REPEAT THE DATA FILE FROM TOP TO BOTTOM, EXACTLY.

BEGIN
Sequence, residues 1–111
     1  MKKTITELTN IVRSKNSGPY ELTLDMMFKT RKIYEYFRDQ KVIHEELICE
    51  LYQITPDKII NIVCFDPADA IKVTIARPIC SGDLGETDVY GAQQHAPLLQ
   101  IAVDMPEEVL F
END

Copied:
Sequence, residues 1–111
     1  MKKTITELTN IVRSKNSGPY ELTLDMMFKT RKIYEYFRDQ KVIHEELICE
    51  LYQITPDKII NIVCFDPADA IKVTIARPIC SGDLGETDVY GAQQHAPLLQ
   101  IAVDMPEEVL F